The audiovisual programs are intended to counteract the predominant model of the black cube, even at a time in which both film and video have become fully integrated and dissolved into contemporary art museums. Their aim is to explore the projected image using different formats and discourses: historical series that broaden – and question – the narrations told by the Collection, retrospectives that draw attention to other stories in the audiovisual history and programs that examine the close links that film and video have with contemporary artistic practices. At the same time, this programming seeks to define a space for film and video outside of the usual circuits, describing itineraries distinct from the spectacle and its derivatives.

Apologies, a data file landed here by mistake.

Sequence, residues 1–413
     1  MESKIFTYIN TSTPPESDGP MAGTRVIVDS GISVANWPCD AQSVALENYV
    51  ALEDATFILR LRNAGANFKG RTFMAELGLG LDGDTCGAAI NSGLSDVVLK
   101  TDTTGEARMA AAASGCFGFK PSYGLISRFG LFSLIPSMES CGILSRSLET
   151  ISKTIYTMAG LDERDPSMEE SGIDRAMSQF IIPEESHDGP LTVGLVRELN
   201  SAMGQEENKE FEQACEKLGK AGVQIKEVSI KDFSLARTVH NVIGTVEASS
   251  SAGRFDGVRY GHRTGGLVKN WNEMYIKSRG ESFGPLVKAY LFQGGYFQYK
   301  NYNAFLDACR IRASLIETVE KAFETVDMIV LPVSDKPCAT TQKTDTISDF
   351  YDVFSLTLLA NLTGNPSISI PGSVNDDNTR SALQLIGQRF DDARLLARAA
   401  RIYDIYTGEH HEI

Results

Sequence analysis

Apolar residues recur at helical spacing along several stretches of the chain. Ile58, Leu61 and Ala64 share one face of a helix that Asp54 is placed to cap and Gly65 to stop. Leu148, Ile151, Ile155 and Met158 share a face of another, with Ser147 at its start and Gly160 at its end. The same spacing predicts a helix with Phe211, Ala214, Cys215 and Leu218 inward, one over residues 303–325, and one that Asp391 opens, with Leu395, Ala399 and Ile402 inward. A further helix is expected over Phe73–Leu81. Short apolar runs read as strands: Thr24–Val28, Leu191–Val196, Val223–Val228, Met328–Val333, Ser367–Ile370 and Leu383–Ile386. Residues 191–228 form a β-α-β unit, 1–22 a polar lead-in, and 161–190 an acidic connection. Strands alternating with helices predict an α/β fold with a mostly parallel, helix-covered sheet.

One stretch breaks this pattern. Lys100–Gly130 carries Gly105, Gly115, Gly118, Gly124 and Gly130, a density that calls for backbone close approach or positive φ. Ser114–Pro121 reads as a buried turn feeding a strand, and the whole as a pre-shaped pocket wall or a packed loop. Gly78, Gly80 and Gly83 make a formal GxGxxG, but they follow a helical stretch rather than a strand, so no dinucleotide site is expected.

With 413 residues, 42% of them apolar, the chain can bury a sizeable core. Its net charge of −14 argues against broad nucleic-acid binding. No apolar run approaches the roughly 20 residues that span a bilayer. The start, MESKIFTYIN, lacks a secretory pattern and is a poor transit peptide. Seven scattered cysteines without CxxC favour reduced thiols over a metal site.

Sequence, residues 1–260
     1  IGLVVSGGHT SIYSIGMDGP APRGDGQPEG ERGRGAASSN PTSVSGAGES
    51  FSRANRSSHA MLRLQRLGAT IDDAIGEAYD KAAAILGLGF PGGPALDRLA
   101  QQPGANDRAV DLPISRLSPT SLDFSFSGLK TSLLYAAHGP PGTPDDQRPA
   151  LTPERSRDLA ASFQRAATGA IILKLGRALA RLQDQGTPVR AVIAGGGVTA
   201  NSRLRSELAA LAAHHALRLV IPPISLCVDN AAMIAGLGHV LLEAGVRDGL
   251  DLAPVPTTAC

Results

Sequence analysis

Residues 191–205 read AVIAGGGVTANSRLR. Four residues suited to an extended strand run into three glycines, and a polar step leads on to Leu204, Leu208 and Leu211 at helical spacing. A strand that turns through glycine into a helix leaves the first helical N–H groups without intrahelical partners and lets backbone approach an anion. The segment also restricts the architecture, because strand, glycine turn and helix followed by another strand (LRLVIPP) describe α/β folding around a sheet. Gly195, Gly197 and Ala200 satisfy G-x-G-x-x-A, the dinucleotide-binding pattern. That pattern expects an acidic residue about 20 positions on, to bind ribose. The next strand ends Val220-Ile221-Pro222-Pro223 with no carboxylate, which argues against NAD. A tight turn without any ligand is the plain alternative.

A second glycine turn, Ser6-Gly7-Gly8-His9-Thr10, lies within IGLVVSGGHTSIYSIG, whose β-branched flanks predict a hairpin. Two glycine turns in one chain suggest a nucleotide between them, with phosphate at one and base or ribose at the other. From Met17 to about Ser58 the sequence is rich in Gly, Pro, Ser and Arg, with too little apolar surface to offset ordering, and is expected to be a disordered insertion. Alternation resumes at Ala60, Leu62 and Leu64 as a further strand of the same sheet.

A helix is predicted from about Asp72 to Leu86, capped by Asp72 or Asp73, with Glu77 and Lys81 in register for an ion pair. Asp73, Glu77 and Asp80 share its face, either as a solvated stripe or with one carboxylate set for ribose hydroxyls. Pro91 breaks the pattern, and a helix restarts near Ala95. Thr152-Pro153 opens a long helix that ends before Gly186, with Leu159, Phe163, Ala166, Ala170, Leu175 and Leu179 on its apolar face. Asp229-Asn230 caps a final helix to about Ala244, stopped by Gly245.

In the live arts, the Museum establishes a meeting point between its propositions in this realm and the proverbial white cube so often used in art exhibitions, but from which the live arts have been artificially expelled. By doing so it reveals that the genealogy of the live arts has been closely linked to that of the plastic avant-gardes since their very origins. The Museum's live arts programming, which includes theatre, music and sound art, is thus seen to bear a close connection to the Museum's theoretical discourse. Museo Reina Sofía also collaborates with the most important contemporary festivals in Spain, providing a venue for some of their performances. The Museum engages in continuous dialogue with them and plays a role in the formation of their discourses.